Oscar-nominated writer, producer and director Alex Garland talked about his ‘anarchist’ approach to filmmaking and his experience of writing for games in a masterclass with new students at the NFTS.
Alex, who became the NFTS’s first Associate Director last month, entered the film industry as a writer after his first novel, The Beach, was made into a film in the late 1990s. He has since written the screenplays for films such as 28 Days Later and Sunshine and made his directorial debut with Ex-Machina in 2014.
(Still from The Beach)
In a session hosted by NFTS director, Jon Wardle, Alex told the new first year intake that it was the experience of seeing The Beach turned into a film that made him want to work in the industry. He said: “As soon as I saw that film being made…I went to the set and thought ‘God, this is what I want’. What I saw was the collegiate aspect and I was attracted to that. Working with like-minded people is fun. The collaboration makes it enjoyable to me, novel writing is an isolated pursuit.”
It was that sense of collaboration that has stuck with Alex throughout his career and influenced what he described as his ‘anarchist’ approach to filmmaking. “There’s an old culture of film making – the cult of the director as dictator,” he continued. “That wasn’t my experience. Film making is self-evidently collaborative.”
(Still from Ex Machina)
He illustrated the point with a story from the making of Ex-Machina: “A female-appearing robot dresses herself in a white dress and walks out of the room. The white dress was chosen by the actress and the costume designer and I had no involvement in that. She walks past a painting by Klimt of a woman in a white dress, which is actually a painting of the sister of Wittgenstein (a philosopher referenced earlier in the film). I didn’t know that Michelle Day, the set decorator, had selected and hung that painting. It is a reference to the script and the costume. Rob Hardy (the Director of Photography) shot it beautifully. I was not involved at all in any of that…but when people noticed these details, I got the credit. And for one reason, on the credits it says the film was directed by me.”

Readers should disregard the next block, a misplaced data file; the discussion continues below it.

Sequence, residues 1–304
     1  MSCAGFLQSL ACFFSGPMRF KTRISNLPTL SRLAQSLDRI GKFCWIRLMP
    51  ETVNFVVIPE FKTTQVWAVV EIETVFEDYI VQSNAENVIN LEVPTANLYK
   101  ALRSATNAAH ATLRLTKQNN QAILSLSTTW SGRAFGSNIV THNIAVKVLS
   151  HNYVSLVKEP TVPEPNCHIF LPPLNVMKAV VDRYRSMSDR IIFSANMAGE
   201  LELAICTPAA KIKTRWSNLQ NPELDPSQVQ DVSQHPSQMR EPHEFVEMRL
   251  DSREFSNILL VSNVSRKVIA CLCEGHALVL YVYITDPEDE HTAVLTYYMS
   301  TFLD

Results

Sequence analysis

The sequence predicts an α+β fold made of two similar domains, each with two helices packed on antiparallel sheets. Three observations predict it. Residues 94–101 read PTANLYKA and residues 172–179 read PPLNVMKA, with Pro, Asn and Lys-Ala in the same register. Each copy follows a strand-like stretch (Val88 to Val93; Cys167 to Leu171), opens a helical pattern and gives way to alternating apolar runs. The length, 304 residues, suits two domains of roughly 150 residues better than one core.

Alex also talked about his experience co-writing a video game, Enslaved: Odyssey to the West, for games company Ninja Theory, describing games as “the equal of any other medium”.
“Why wouldn’t they be? A game like Bioshock has a really beautifully constructed narrative. I’d always thought that games had this staggering latent potential.”
As well as novels, films and games, Alex has also written for TV and talked about a shift in demand in recent years towards complex, and sometimes difficult, characters and stories: “In the 70s we had Taxi Driver and now we have Breaking Bad. In both the protagonist, the hero, was morally flawed and complex. That’s hard, but not impossible, in cinema these days but TV is overtly opening its arms to that. Bring us that kind of complexity, we want it.”
Alex was speaking to new students at the NFTS part of Springboard Week, which marks the start of the new academic year at the school. Other speakers during the week included award-winning director, writer and producer Peter Kosminsky (The State; Wolf Hall), sound designer and editor Walter Murch (Apocalypse Now; The Godfather) and acclaimed BBC Miniseries, Three Girls director Philippa Lowethorpe and editor Una Ni Dhonghaile, who is an NFTS graduate.
Alex Garland’s new film, Annihilation, is released on Netflix later this month.
If you would like to experience masterclasses like these, sign up to one of our upcoming open days to find out more –www.nfts.co.uk/opendays